CATCH THE BUZZ – Citrus Production in US to Be Down 21% for All States from 2017.

From FreshPlaza

U.S. citrus production continues to decline. At the current forecast of 6.16 million tons for the 2017/18 marketing year, ERS expects the U.S. citrus crop to drop 21 percent from the previous season. The decline reflects expected reductions in national production across all major citrus commodities and overall smaller crops in the four major-producing States (Florida, California, Texas, and Arizona). The drop in citrus production is expected to be the greatest in Florida, largely driven by crop losses from Hurricane Irma. At the same time, orange and grapefruit crops are anticipated to have the largest declines in national citrus output, with reductions of as much as 25 percent and 22 percent, respectively, if realized. 

The US Department of Agriculture forecasts a reduction in Florida’s orange crops by 35% in the 2017/18 season, compared to the previous season to 45 million boxes (at 40.8 kg). Florida’s orange crop is expected to be the lowest of the last 75 years – since 1942. Note that before hurricane Irma began, the crop forecast in Florida was 75 million boxes.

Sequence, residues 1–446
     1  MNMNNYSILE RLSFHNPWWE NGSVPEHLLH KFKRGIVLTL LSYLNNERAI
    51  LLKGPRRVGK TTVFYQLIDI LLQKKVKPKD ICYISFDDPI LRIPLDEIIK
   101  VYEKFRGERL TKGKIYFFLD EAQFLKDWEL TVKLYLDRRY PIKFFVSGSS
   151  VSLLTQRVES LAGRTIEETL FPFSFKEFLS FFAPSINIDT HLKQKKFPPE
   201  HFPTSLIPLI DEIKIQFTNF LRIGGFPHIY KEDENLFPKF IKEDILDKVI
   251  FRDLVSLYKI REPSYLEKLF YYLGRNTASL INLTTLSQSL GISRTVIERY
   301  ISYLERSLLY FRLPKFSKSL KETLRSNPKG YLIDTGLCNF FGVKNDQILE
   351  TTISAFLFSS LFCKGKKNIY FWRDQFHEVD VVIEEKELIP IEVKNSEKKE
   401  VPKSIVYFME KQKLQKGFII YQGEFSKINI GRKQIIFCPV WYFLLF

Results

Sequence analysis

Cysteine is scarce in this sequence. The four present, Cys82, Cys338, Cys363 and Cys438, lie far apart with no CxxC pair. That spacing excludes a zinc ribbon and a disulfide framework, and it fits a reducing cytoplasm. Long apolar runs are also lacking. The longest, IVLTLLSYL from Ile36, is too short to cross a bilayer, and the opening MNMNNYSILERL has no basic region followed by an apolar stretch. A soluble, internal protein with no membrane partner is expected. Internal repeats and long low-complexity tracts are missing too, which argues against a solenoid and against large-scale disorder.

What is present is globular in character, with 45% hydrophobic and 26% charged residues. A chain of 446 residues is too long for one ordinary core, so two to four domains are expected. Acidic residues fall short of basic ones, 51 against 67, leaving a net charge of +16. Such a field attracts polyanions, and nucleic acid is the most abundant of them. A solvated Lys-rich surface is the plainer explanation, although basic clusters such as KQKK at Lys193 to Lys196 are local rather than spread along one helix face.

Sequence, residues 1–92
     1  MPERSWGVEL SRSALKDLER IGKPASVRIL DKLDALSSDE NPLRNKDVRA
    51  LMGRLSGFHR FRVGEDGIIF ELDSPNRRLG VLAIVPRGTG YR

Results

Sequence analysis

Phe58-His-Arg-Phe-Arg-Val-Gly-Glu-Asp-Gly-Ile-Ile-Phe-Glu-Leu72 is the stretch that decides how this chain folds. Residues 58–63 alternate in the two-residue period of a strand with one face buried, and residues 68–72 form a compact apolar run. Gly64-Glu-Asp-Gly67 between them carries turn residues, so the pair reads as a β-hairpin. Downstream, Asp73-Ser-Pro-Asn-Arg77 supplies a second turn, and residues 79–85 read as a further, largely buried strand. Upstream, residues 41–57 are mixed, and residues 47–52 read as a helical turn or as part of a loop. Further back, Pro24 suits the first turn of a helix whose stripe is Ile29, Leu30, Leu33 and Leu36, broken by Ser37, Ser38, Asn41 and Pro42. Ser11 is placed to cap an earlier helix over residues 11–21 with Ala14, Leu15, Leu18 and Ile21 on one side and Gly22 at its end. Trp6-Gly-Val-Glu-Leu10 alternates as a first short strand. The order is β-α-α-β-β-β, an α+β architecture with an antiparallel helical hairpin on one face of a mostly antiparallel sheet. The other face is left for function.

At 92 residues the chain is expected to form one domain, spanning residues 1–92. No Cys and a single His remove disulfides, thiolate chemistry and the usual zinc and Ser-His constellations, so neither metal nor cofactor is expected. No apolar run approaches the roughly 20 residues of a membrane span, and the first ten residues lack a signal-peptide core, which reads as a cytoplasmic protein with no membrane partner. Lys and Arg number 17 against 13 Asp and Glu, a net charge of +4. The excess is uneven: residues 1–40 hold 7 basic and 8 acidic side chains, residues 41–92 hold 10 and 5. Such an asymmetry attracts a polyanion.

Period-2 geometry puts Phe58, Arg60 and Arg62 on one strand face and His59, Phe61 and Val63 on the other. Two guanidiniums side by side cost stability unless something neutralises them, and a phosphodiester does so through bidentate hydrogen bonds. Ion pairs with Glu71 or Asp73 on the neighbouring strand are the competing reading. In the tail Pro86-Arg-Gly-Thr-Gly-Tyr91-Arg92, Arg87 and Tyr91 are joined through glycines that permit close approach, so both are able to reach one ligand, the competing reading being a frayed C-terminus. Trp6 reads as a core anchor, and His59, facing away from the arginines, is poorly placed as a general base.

Tight supplies have pushed citrus prices higher in the domestic market. January 2018 prices for fresh oranges, grapefruit, and lemons were at their highest average levels for the month since the 1990s.

The long term downward trend in orange production is largely attributable to citrus greening disease, a bacterial disease that can ultimately kill orange trees. The majority of citrus farms in Florida have been battling the disease since the mid-2000s. This chart appears in the bi-annual ERS Fruit and Tree Nut Outlook newsletter, released March 2018.

Expectations of a larger orange crop in Brazil may prevent the growth of orange juice prices. According to the forecast of Fundecitrus, in the 2017/18 season, it may amount to 398.3 million boxes, which is 62% more than in the 2016/17 season and a quarter more than the average orange crop in the country over the past 10 years. Currently, it is difficult to say which forecast will have a major impact on price dynamics.